The depth of the challenges at that school did not surprise Smith. "I was a product of an under-resourced public school prior to attending Hotchkiss, so I was familiar with many of the challenges that my students experienced, and I believe that familiarity helped my students perform so well. The one challenge that I was not as familiar with was the regional isolation. The school was five hours from any large city, and that distance, compounded with the students' poverty, exacerbated their isolation and limited their exposure to worlds outside of the one in which they lived. We fundraised for an entire school year, selling potato chips one bag at a time, just to afford to be able to take a field trip to San Antonio. Though I was poor, I was fortunate to grow up thirty minutes outside of the city of Chicago, so it was not as costly or time-consuming to enjoy and learn from the experiences that the city had to offer. My time in Teach for America reinforced my belief that easy access to resources is critical to educational attainment."
Law had always been on her mind; so once her obligation to TFA ended, Smith started at the University of Texas in 2007. "My first exposure to lawyers was while watching Clair Huxtable on The Cosby Show. I loved the way Phylicia Rashad portrayed her. Lawyers were also the powerbrokers in my hometown, and I long felt that there was value in obtaining a law degree, so I pursued and received my J.D."
Smith served as Judicial Clerk for the Honorable David C. Godbey of Dallas, TX, in the United States District Court for the Northern District of Texas for a year, selected from hundreds of clerkship applicants. "I learned how to tailor my writing to a particular audience and developed an understanding of the preferences and proclivities of all the federal judges in Dallas that I eventually had matters in front of in private practice. That insider knowledge of how to appeal to the particular audience of federal judges helped me better advocate for clients. This clerkship also epitomized the power of networks. Judge Godbey is a Harvard graduate and was familiar with me and my co-clerk from college. While I clerked, I also became the unofficial social chair of the Northern District of Texas and organized activities and inter-chambers lunches with the other federal judges in our District. This role was not only fun, but also helped me expand my network and knowledge of the judges that I would be practicing in front of, and strengthened my bond with fellow clerks, with whom I would eventually enter private practice."
Next, Smith spent two years at Locke Lord LLP, in Dallas, TX, serving as a commercial and consumer finance litigation associate, successfully defending clients in state and federal litigation. She then worked as a litigation associate at Carter Arnett LLP for a year, defending clients in employment discrimination suits in state and federal courts. "I left Locke to take an opportunity at a smaller black-owned law firm, where I could bring in clients who could not afford Locke Lord rates. I was successful in securing a book of business, but had not fully realized how labor-intensive it was to practice law and manage the billing expectations."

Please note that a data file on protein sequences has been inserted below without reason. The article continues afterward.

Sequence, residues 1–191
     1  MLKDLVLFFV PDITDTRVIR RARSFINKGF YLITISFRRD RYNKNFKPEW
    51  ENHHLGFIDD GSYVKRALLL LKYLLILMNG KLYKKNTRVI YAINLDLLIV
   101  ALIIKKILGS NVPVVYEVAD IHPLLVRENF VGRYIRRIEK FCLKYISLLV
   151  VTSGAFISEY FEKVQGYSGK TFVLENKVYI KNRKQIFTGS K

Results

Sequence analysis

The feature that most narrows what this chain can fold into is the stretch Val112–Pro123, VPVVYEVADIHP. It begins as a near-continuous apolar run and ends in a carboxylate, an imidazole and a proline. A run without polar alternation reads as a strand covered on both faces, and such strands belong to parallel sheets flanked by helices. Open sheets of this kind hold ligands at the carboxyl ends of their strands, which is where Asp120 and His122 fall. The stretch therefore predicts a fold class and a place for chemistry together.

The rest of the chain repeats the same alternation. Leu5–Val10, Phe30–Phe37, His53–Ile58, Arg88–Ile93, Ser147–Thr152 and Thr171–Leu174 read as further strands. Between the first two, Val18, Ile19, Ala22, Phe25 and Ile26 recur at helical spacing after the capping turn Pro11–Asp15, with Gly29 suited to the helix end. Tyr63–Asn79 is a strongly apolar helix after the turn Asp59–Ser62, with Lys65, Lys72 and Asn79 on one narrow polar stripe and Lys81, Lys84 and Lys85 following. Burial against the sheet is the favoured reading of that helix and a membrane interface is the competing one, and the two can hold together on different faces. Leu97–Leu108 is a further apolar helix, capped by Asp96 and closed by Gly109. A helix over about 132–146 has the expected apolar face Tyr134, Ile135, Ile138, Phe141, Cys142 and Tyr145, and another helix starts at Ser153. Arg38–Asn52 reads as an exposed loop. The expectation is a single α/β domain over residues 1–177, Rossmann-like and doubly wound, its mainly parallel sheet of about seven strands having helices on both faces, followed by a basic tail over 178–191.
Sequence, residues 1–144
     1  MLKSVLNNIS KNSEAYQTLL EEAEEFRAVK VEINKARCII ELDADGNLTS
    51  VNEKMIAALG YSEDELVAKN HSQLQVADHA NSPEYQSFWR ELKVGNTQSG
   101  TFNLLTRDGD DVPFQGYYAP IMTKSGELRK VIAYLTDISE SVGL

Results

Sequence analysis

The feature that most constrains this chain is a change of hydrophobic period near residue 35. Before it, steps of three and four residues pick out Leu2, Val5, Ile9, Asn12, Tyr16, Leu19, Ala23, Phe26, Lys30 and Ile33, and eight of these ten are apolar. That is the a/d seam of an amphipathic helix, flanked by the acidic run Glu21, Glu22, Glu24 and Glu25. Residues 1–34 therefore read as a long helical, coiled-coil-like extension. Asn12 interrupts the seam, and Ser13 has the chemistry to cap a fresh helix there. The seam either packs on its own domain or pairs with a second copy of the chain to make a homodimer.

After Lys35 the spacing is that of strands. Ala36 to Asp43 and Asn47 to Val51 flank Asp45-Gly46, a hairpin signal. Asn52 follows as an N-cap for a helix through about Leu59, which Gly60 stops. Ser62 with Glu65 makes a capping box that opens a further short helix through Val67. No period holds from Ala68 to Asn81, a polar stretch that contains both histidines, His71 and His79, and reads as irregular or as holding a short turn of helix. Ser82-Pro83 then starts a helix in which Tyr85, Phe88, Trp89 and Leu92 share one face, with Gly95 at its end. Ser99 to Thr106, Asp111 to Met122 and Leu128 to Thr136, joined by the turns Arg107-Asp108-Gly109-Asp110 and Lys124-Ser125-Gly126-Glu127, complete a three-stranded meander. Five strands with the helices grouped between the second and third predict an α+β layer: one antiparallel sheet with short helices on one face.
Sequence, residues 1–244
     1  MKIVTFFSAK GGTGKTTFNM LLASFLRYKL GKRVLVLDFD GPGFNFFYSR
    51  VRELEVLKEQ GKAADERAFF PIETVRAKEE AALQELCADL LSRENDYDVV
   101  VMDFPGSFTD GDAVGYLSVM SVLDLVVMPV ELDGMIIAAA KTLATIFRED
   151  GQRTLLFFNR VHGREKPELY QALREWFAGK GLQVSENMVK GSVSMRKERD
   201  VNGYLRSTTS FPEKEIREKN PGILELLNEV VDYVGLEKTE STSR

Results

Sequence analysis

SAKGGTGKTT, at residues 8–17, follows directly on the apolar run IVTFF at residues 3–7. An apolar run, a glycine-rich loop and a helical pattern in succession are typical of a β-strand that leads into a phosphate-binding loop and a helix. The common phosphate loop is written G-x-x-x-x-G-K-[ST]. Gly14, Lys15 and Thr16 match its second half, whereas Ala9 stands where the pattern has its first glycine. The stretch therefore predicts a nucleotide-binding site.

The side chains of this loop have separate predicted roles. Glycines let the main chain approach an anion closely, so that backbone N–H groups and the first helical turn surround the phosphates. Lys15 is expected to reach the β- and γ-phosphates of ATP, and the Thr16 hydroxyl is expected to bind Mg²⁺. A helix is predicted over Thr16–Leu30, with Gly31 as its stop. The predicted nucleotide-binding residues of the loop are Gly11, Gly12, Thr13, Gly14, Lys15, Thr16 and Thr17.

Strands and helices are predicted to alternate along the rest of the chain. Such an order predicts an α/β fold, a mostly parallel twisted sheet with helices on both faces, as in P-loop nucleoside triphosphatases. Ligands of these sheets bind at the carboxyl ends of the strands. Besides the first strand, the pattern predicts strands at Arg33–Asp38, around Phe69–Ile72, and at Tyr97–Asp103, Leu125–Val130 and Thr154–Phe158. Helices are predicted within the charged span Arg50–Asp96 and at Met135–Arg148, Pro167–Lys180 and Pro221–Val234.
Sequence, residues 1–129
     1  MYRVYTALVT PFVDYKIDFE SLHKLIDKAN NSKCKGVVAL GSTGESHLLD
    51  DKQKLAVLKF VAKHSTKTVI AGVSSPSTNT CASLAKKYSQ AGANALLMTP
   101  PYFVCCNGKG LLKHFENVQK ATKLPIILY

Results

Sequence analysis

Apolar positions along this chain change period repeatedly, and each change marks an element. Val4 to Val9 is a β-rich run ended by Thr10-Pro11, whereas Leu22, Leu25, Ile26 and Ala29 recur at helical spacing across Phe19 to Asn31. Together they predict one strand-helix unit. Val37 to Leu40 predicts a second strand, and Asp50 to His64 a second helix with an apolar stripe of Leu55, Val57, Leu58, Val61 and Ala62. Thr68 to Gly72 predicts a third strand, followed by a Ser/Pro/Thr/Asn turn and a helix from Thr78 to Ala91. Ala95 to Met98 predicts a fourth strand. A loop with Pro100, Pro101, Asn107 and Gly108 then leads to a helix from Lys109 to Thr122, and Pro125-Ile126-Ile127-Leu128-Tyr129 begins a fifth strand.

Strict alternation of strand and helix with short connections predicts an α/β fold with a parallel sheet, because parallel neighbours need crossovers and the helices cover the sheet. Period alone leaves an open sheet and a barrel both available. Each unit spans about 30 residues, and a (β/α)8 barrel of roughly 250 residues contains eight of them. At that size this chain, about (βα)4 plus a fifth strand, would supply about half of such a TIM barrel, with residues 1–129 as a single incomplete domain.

Beginning in 2014, Smith served as judicial clerk for a second time, this time for the Honorable David L. Horan of Dallas, TX, again in the United States District Court for the Northern District of Texas, assisting him with adjudicating civil matters, including employment discrimination litigation and Social Security appeals. "Judge Horan had been recently selected to the bench and was interested in an experienced clerk. I was interested in taking a break from private practice, so this opening was perfect timing. This experience reminded me how much I enjoyed public service and motivated me to seek a career with the Federal government instead of returning to private practice."
In Smith's current role as a civil rights attorney for the U.S. Department of Education, she represents the United States of America. "This country has enacted a number of laws aimed to prevent discrimination based on race, national origin, disability, and sex within schools. I receive allegations that schools are not complying, and I first evaluate whether the allegation is true, and if it is, I formulate plans to help the schools come into compliance. For schools that refuse to comply, our agency has the power to take away federal funding. This is a step we do not take lightly and, fortunately, we have never had to pull funding, as schools are eager to comply."
One of the greatest challenges for Smith happens when she has to inform a student or parent that the harm they experienced is not a violation of the laws her office enforces. "People usually contact our office in extreme distress, but the Office for Civil Rights (OCR) has a limited subject matter jurisdiction, so it is not always the appropriate place for redress. Alternatively, another difficult part of my job (likely because I am a former teacher) is when I see educators and school administrators attempting to do their best to resolve student and parent concerns, but the parties are not seeing eye-to-eye and that slows resolution. The issues are often emotionally laden, which tends to hinder mutually beneficial opportunities. The satisfying part of my job is when I am able to help parties realize mutually beneficial resolutions.